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The NCCN Guidelines for Survivorship provide screening, evaluation, and treatment recommendations for common physical and psychosocial consequences of cancer and cancer treatment to help healthcare professionals who work with survivors of adult-onset cancer in the posttreatment period. This portion of the guidelines describes recommendations regarding the management of anthracycline-induced cardiotoxicity and lymphedema. In addition, recommendations regarding immunizations and the prevention of infections in cancer survivors are included.
Copyright © 2018 by the National Comprehensive Cancer Network.
BACKGROUND - Breast cancer treatment-related lymphedema (BCRL) arises from a mechanical insufficiency following cancer therapies. Early BCRL detection and personalized intervention require an improved understanding of the physiological processes that initiate lymphatic impairment. Here, internal magnetic resonance imaging (MRI) measures of the tissue microenvironment were paired with clinical measures of tissue structure to test fundamental hypotheses regarding structural tissue and muscle changes after the commonly used therapeutic intervention of manual lymphatic drainage (MLD).
METHODS AND RESULTS - Measurements to identify lymphatic dysfunction in healthy volunteers (n = 29) and patients with BCRL (n = 16) consisted of (1) limb volume, tissue dielectric constant, and bioelectrical impedance (i.e., non-MRI measures); (2) qualitative 3 Tesla diffusion-weighted, T-weighted and T-weighted MRI; and (3) quantitative multi-echo T MRI of the axilla. Measurements were repeated in patients immediately following MLD. Normative control and BCRL T values were quantified and a signed Wilcoxon Rank-Sum test was applied (significance: two-sided p < 0.05). Non-MRI measures yielded significant capacity for discriminating between arms with versus without clinical signs of BCRL, yet yielded no change in response to MLD. Alternatively, a significant increase in deep tissue T on the involved (pre T = 0.0371 ± 0.003 seconds; post T = 0.0389 ± 0.003; p = 0.029) and contralateral (pre T = 0.0365 ± 0.002; post T = 0.0395 ± 0.002; p < 0.01) arms was observed. Trends for larger T increases on the involved side after MLD in patients with stage 2 BCRL relative to earlier stages 0 and 1 BCRL were observed, consistent with tissue composition changes in later stages of BCRL manifesting as breakdown of fibrotic tissue after MLD in the involved arm. Contrast consistent with relocation of fluid to the contralateral quadrant was observed in all stages.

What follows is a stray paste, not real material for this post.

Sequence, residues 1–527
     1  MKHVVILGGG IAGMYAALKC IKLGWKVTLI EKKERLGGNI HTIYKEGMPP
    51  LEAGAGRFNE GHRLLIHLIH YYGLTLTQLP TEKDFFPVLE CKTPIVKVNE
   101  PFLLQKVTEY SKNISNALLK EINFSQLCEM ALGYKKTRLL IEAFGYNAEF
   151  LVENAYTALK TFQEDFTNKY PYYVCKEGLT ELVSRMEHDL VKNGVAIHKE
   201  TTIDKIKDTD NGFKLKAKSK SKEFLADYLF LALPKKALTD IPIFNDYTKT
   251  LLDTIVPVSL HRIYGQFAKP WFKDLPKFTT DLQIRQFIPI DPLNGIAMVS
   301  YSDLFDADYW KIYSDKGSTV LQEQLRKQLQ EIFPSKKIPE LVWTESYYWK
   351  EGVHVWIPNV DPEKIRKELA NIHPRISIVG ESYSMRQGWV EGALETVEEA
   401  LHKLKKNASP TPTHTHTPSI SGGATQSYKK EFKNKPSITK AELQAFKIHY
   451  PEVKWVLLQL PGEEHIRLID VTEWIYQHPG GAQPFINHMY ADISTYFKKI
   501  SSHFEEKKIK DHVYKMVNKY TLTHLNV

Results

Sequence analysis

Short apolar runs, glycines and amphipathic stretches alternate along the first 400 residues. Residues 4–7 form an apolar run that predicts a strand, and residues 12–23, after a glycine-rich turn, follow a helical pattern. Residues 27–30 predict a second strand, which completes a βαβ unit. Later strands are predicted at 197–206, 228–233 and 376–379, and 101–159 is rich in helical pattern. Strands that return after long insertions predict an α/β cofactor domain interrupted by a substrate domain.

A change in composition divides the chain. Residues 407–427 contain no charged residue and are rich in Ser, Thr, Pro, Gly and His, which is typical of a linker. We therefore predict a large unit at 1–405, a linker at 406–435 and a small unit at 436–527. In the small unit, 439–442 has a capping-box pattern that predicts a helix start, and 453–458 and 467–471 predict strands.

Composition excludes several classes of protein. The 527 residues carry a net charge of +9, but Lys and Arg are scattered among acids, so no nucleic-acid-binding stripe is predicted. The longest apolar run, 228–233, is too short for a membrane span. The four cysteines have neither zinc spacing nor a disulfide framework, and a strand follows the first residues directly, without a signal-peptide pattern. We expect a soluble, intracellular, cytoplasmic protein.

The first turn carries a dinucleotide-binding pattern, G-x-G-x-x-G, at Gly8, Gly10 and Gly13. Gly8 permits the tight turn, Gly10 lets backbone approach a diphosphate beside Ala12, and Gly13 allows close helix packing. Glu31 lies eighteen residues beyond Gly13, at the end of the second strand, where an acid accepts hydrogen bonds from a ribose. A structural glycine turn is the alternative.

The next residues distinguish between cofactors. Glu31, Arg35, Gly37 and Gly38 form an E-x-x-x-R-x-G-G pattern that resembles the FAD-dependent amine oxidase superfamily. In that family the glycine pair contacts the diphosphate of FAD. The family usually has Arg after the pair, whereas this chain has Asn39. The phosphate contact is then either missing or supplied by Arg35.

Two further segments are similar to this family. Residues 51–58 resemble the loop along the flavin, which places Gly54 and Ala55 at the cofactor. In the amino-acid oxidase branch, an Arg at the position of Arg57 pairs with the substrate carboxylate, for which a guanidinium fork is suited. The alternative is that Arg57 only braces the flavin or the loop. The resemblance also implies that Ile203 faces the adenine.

CONCLUSION - Quantitative deep tissue T MRI values yielded significant changes following MLD treatment, whereas non-MRI measurements did not vary. These findings highlight that internal imaging measures of tissue composition may be useful for evaluating how current and emerging therapies impact tissue function.
PURPOSE - Lymphatic impairment is known to reduce quality of life in some of the most crippling diseases of the 21st century, including obesity, lymphedema, and cancer. However, the lymphatics are not nearly as well-understood as other bodily systems, largely owing to a lack of sensitive imaging technologies that can be applied using standard clinical equipment. Here, proton exchange-weighted MRI is translated to the lymphatics in patients with breast cancer treatment-related lymphedema (BCRL).
METHODS - Healthy volunteers (N = 8) and BCRL patients (N = 7) were scanned at 3 Tesla using customized structural MRI and amide proton transfer (APT) chemical exchange saturation transfer (CEST) MRI in sequence with the hypothesis that APT effects would be elevated in lymphedematous tissue. APT contrast, lymphedema stage, symptomatology, and histology information were evaluated.